Energy  

Nigeria’s yearly gas flare can power about 200,000 buses, says expert

Gas flaring PHOTO: daniumenergy.com

The quantity of gas flared in Nigeria yearly has the capacity to power up to 200,000 commercial buses or trucks on gas engines if processed into compressed natural gas (CNG), the Chief Executive Director (CEO) of Etefa GmbH, Johann Rieger, has said.

Rieger who disclosed this in Lagos at a press briefing on Flare Gas Recovery in Nigeria organised by Powergas Nigeria and Etefa with the support of the Austrian Development Agency (ADA) and the Commercial Section of the Austrian Embassy in Nigeria, said Nigeria flares over seven billion Standard Cubic Meter (SCM1) of natural gas, which can also translate to twice the capacity of the nation’s power generation if processed for use.

According to him, recovery and utilisation of flared gas will contribute positively to the Nigerian economy by bringing down fuel and energy costs, which will have a trickle-down effect on food prices, transportation costs and ultimately rein in inflation.

The Etefa boss stated that with the abundant reserves of 188 trillion cubic feet (TCF), Nigeria has the largest gas reserves in Africa and as a domestically available natural resource, effective utilization is extremely important for import substitution of liquid fuels and forex savings.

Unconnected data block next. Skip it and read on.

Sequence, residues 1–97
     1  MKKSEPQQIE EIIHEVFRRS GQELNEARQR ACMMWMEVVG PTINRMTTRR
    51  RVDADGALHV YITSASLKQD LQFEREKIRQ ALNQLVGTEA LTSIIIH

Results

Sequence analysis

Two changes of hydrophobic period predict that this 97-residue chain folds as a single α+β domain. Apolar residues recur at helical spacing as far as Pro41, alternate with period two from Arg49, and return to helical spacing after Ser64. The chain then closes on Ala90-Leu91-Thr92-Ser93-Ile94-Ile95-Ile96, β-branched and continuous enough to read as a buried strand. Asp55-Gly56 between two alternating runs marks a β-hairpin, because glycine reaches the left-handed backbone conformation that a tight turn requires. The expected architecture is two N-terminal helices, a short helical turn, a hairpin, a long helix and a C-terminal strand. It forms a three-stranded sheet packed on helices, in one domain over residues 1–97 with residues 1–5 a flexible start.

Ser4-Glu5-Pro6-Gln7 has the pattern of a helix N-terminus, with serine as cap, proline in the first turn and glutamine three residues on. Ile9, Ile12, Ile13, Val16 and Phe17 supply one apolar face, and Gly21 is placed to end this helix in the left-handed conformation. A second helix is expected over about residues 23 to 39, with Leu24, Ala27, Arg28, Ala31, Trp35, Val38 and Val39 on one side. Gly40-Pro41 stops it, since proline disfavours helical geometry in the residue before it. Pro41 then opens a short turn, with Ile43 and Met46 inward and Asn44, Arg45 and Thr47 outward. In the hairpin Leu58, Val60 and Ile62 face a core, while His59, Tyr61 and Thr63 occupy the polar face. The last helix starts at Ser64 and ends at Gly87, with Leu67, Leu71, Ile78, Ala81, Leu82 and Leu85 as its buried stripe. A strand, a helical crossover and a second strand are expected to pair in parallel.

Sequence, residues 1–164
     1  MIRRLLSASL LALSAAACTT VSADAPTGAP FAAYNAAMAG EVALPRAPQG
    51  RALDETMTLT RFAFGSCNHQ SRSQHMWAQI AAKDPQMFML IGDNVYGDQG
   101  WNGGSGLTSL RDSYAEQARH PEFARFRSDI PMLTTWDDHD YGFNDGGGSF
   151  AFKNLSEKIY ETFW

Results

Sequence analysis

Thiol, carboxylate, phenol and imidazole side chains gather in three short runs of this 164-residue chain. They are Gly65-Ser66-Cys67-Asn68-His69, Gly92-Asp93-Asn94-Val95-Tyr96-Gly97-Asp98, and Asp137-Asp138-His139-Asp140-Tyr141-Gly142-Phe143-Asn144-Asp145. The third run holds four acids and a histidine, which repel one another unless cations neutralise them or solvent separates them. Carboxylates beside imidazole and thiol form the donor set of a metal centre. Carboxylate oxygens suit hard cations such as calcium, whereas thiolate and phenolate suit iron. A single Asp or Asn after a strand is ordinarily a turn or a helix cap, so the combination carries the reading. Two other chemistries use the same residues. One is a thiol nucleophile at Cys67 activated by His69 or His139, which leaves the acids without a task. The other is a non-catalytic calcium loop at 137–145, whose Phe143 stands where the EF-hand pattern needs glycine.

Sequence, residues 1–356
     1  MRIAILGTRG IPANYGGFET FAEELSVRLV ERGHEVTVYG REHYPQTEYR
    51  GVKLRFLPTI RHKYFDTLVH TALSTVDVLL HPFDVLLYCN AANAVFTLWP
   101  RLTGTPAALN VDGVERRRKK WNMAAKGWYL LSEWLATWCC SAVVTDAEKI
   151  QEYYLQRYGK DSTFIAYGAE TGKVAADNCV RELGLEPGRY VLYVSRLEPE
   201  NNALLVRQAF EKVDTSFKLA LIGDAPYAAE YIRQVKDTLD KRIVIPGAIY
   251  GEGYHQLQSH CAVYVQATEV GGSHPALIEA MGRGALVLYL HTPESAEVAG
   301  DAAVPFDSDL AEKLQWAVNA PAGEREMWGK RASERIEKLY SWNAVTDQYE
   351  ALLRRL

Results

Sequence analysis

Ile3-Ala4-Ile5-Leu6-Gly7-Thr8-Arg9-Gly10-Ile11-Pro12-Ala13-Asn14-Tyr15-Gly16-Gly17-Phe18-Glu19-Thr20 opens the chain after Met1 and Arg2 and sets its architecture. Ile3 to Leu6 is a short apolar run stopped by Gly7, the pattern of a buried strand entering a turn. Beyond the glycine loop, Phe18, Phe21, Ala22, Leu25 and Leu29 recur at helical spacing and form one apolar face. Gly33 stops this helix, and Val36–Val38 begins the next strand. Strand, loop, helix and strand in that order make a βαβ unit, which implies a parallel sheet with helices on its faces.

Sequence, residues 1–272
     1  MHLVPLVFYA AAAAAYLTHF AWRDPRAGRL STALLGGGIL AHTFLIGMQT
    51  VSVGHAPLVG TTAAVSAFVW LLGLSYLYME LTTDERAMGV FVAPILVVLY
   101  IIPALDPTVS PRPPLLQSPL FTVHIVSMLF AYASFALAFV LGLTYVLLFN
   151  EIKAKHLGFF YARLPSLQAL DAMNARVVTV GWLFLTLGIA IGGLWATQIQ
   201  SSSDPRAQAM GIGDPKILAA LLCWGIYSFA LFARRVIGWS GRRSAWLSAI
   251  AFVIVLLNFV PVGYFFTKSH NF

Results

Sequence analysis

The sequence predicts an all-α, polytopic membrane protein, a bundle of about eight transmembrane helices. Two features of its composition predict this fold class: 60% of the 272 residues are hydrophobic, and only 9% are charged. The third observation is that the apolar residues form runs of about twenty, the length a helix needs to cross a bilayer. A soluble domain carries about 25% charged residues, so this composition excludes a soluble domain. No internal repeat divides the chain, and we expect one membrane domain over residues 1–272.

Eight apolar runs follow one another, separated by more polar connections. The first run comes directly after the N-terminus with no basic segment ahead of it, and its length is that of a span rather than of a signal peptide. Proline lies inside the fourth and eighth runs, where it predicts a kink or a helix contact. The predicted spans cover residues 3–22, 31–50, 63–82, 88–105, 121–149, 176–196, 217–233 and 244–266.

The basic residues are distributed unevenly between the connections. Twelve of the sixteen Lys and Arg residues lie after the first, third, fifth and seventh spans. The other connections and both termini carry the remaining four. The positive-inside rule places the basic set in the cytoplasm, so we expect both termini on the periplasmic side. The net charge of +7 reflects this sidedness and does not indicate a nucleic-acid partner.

The essence of the alliance with Powergas he said has birthed the Clean and Environmentally Sustainable Transportation (CEST) Program, which seeks to introduce gas-fired city buses for public transport, which would intend reduce transportation cost for Nigerians who spend up to 40 per cent of their monthly income on public transport

“For this reason, the CEST Program has initiated a pilot project for refurbishment and conversion of city buses and trucks in Lagos and the Niger Delta from diesel to gas towards the utilisation of flared gas.

The General Manager, Commercial Powergas Global investment, Sumeet Singh remarked that the project which is worth a fortune from the gas side would span for 18 months.

Singh noted that Powergas would provide all the necessary infrastructure for compressed natural gas (CNG) supply while Etefa supplies efficient gas engines and associated technology, while fostering local talent and employment with technology transfer and strategic knowledge sharing.

He cited that even Indian who imports her gas from Nigeria has almost all her vehicles on gas engines; hence gas is the next big thing in Nigeria considering it as one of the most environmental friendly energy sources.

Gas flare monetisation projects he maintained can potentially save Nigeria over $2.5 billion per year by reducing fuels costs in the transportation and power generation sector by over 30%

Nigeria’s annual diesel importation he noted is the same as the natural gas being flared annually and its quality according to the United Nations Environment Program (UNEP) hardly fulfills EURO 1 emission standards because of its high Sulphur content.

The projects’ ultimate goal is not only to utilise flared gas, but to improve environmental and health conditions by reduction of emissions, as well as lower the cost of public and commercial transportation in Nigeria.

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